Still, her enthusiasm for Cameron Post is evident, and now it has finally found distribution, the film deserves to be seen.It is warm and affecting, treating a deeply troubling subject matter with the sensitivity it deserves while exposing the absurdity at the heart of it. When Cameron meets Dr Lydia March (Jennifer Ehle), the quietly malignant founder of God’s Promise, she says she can call her Cam. “Cameron’s already a masculine name,” shoots back March. “To abbreviate it to something even less feminine only exacerbates your gender confusion.”
As it turns out, refusing to shorten someone’s name isn’t enough to shift their nature — and forcing repressed queer teenagers to share rooms isn’t quite the bright idea it might have seemed either. One night, Cameron has a brief, intense fumble with her female roommate. Filming it with a team of women behind the camera —a rare experience —made a “massive difference” to Moretz.
“With pretty much everyone on the set being a woman, I wasn’t told what I had to get done in the scene; they trusted me to do my job, and Ashley (Connor, the director of photography) shot it not focusing on the ass and the bodies, just the beauty and reality of it.”
In most of the sex scenes, in fact, the people involved are fully clothed. “Exactly! And it’s still really intimate and more emotionally provoking than most I’ve seen on screen ever, but that’s because of the female lens.”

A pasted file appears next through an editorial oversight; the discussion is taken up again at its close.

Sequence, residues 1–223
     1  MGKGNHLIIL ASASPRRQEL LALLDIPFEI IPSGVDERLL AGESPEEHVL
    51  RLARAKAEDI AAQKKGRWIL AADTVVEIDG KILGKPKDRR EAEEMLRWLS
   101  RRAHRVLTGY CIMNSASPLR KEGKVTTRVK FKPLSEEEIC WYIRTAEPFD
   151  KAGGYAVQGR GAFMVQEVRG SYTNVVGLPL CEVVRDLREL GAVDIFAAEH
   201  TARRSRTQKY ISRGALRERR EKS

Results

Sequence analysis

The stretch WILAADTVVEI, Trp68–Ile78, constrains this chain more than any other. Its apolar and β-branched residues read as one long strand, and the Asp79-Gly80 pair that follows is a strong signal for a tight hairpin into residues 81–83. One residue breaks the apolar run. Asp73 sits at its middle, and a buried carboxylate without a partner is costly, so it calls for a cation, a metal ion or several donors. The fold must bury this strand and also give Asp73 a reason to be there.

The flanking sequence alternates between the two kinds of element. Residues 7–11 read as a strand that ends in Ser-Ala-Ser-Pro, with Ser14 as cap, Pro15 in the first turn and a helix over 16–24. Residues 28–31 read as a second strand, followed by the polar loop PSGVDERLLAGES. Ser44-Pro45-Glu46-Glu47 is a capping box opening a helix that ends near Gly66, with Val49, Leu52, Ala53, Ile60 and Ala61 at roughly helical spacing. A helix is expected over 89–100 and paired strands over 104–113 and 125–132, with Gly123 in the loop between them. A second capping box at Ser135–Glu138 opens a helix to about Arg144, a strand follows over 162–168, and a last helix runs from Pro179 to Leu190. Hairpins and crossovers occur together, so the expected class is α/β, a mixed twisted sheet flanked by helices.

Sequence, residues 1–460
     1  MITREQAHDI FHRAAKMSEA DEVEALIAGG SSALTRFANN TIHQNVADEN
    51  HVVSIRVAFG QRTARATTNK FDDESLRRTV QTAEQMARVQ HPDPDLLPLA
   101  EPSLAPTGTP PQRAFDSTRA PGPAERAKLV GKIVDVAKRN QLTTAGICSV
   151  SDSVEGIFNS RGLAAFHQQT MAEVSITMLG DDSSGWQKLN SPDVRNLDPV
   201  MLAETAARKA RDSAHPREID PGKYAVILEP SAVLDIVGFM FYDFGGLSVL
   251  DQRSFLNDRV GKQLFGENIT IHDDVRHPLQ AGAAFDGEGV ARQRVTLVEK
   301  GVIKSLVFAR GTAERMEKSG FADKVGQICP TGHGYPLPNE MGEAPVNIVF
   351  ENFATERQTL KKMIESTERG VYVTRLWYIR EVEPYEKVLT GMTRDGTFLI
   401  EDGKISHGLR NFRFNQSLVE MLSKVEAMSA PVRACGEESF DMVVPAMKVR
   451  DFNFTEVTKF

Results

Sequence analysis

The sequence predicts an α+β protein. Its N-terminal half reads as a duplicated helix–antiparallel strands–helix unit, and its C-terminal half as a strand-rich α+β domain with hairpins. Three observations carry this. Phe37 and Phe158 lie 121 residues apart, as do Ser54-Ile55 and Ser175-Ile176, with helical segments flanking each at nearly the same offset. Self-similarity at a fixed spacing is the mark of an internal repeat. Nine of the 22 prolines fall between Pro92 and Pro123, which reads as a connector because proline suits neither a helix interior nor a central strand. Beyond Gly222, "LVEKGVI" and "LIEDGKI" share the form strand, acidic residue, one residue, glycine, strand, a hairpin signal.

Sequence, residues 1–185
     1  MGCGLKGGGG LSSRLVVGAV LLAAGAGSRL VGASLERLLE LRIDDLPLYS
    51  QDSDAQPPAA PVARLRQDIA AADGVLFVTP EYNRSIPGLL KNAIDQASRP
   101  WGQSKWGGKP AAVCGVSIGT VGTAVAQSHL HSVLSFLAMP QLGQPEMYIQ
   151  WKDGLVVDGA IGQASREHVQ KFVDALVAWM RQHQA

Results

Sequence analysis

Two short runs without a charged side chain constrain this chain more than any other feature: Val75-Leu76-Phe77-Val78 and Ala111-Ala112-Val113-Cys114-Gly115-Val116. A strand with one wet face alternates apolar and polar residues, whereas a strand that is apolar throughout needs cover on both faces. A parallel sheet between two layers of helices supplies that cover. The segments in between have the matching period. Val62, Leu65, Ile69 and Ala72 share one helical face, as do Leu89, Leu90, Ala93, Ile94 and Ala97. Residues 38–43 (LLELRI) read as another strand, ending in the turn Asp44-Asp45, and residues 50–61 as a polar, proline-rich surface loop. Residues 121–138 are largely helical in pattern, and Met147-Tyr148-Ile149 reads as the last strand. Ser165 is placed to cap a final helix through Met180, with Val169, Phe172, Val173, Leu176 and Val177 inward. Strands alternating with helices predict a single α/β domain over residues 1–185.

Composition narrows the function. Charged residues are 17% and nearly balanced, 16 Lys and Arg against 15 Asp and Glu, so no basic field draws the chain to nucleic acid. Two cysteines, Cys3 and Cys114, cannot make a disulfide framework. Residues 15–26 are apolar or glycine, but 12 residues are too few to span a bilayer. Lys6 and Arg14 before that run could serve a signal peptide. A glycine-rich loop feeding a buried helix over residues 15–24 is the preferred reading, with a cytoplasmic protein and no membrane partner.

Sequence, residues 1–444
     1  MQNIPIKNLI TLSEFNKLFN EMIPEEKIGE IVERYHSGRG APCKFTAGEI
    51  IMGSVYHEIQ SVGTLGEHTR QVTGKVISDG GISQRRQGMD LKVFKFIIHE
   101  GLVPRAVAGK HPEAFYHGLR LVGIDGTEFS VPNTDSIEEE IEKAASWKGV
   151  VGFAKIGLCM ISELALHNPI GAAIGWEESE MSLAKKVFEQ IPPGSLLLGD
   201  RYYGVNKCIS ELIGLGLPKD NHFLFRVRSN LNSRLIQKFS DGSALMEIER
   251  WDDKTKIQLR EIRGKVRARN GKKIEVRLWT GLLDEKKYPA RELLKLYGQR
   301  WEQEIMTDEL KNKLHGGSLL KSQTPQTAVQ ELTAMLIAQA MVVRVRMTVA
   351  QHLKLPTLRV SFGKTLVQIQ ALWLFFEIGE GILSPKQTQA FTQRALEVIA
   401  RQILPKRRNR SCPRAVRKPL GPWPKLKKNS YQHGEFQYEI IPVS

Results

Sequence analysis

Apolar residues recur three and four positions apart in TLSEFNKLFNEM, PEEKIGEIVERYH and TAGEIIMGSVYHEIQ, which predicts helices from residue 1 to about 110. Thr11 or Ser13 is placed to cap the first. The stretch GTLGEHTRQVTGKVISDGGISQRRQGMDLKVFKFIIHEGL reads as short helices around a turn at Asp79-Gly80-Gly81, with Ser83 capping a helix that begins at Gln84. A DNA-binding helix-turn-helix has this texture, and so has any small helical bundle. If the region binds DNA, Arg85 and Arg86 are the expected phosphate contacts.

It made a palpable difference too, says Moretz that the film was made by LGBTQ people. “It’s a queer movie, by queer people, for queer people.” But what about Moretz herself? Though earlier she told me she was as an “advocate and an ally and an activist for the LGBTQ community”, she stopped short of professing to be a member. She’s also had a high-profile, on-again off-again relationship with David Beckham’s son, Brooklyn.
A recent article on queer erasure in cinema name-checked Cameron Post, alongside a handful of other prominent films, as an example of a straight actor playing a gay lead role. “Oh really?” says Moretz, her tone tinged with irritation. I start to recite her costar Sasha Lane’s response — that Akhavan “didn’t feel the need /right to ask a 19-year-old who she f***s”, —but Moretz interjects. “Well I think what’s important is don’t assume anyone’s sexuality,” she says. “I mean, across the board,” she begins to chuckle nervously, “don’t assume.”